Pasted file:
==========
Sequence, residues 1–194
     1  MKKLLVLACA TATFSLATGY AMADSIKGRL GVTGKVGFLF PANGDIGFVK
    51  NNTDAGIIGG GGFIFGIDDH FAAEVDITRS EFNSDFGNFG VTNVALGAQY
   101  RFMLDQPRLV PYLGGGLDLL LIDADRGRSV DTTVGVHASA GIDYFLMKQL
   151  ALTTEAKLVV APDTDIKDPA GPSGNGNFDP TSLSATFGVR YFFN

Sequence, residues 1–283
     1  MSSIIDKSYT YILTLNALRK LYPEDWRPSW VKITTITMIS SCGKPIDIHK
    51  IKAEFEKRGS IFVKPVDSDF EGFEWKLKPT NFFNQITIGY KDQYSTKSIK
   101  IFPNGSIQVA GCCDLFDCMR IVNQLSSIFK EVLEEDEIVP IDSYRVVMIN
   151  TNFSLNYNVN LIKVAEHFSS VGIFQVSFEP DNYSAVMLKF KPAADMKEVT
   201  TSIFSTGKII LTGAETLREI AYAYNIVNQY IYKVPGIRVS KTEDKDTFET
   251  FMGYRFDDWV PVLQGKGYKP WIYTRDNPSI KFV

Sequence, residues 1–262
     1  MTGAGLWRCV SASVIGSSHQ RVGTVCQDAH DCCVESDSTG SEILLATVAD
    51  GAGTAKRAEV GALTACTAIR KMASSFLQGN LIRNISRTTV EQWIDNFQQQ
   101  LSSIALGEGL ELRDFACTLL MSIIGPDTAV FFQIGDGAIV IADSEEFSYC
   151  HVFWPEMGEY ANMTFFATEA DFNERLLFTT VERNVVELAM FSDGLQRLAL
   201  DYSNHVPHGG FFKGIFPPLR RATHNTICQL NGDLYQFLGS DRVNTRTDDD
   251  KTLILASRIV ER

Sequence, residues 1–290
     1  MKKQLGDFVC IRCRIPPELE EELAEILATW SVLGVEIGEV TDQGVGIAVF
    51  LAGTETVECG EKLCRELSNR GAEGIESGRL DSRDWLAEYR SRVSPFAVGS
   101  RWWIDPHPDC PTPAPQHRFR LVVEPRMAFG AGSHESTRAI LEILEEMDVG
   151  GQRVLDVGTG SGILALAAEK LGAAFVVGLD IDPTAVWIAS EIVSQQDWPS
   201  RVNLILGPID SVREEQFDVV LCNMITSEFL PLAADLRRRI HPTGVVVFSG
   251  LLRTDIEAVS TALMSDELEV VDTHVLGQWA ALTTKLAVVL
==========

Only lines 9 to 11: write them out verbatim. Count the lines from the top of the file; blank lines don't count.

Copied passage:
   101  IFPNGSIQVA GCCDLFDCMR IVNQLSSIFK EVLEEDEIVP IDSYRVVMIN
   151  TNFSLNYNVN LIKVAEHFSS VGIFQVSFEP DNYSAVMLKF KPAADMKEVT
   201  TSIFSTGKII LTGAETLREI AYAYNIVNQY IYKVPGIRVS KTEDKDTFET